The more “hardcore” and competitive gamers have been the reason why games as we know them today have been so successful. The perfectionists of the world of gaming are not shy to online gaming in the slightest. The days of running around Mushroom Kingdom with Mario and Luigi on the Super Nintendo are long done. The games of the 90’s were challenging to the points of frustration but left the player satisfied when they could complete a certain level, or dungeon, or boss battle. This was a much simpler age without Local Area Network gaming, or online leader boards, or controllers with motion sensitivity. Yes, this is the beginning of our competitive gamers. The gamers who would spend hours finding quicker ways to beat bosses, traverse the nauseatingly unforgiving levels and get that oh-so important high score. With the evolution of gaming, this brought in a new style of competitive gaming. This world wasn’t where it was a player vs. the game. Now there is a human player pitted against another normally with a team or even going solo. Online play allowed a more cooperative approach to gaming. Now the hardcore gamers could test their skills against others for the glory of being the best of the best, or fall to the ranks of those who were much more skilled at playing a game. This led to online gaming as a more social pastime.

Halo 2 was the standard for online gaming and that standard was raised with Halo 3 and then raised again with the release of Halo: Reach. There are tournaments that feature these online gamers at their finest with a universal set of rules decided by the Major League Gaming standards. Although it may seem strange to some, there is indeed a Major League of Gaming or simply MLG. MLG pits the best of the best professionals of games (usually First-person shooters) like Call of Duty and Halo. These pros square off testing their true aim and duke it out on a bunch of Local Area Network connected Xbox 360’s. These Local Area Network games are yet another piece of online gaming at its peak and how competitive players can be with the relatively new technologies presented to them.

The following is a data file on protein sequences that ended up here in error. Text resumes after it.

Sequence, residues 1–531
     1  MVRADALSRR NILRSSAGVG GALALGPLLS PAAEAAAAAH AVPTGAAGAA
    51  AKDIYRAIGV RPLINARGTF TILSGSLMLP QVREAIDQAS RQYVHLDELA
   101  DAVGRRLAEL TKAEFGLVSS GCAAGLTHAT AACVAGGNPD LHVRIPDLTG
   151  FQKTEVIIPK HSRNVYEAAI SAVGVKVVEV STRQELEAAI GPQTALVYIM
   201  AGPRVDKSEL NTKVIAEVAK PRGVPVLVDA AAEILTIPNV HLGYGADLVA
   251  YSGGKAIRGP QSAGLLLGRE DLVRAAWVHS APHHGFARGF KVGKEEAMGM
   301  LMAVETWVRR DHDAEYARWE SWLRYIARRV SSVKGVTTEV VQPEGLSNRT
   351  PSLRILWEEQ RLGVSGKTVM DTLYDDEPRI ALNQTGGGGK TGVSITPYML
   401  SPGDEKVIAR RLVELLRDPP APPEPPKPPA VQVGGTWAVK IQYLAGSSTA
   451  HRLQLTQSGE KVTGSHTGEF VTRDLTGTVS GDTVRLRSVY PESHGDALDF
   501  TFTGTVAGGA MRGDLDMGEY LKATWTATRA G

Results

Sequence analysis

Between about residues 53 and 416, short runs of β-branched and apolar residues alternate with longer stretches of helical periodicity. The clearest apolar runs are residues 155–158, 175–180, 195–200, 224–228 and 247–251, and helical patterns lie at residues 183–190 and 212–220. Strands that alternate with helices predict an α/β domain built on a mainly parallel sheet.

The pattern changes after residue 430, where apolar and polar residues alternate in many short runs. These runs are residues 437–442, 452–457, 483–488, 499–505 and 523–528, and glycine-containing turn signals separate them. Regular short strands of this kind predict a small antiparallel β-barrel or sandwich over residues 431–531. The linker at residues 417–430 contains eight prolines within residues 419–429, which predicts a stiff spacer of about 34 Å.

Using Local Area Network or just LAN started out in college dorm rooms. If that sounds strange then it would be smart to elaborate on how this really started. In its simplest form, 4 Xbox’s are hooked up to a single router and can have 4 players on one television set. These 4 Xbox’s with 4 players on each screen allowed up to 16 people to play locally with each other in a competitive environment. These were back in the days of the original Halo, which featured LAN capabilities and allowed 16 players to play on an Internet connection. These “LAN parties” were definitely casual affairs even though they featured competitive gaming and truly snowballed into the online experiences that players have today on a much broader scale.

Whether it’s “LANing” with your friends, or playing online with your friends from school in a Halo: Reach match, it’s undeniable that online gaming has changed the way that gamers play video games. It has a healthy mix of casual and competitive players to keep an even balance but most importantly, there is a culture there that some people don’t recognize. Gaming has come a lone way in the past 10 years and it’s hard to imagine where it will go into the future. Online gaming will undoubtedly change in the near future much like it has in the past and the culture will evolve again to suit the conditions of the players. My generation of gamers who paved the way through online gaming from the classics such as Super Mario World, The Legend of Zelda, and Donkey Kong will still move forward. However we’ll still have the classics to look back on much like the “new gamers” will have something to look back on when they get older. The Internet will expand to house these new technological advances and keep online gaming fresh. It’s games like Halo: Reach that will keep these gamers happy for years to come and will pave the way for developers to make bigger and better games in the future.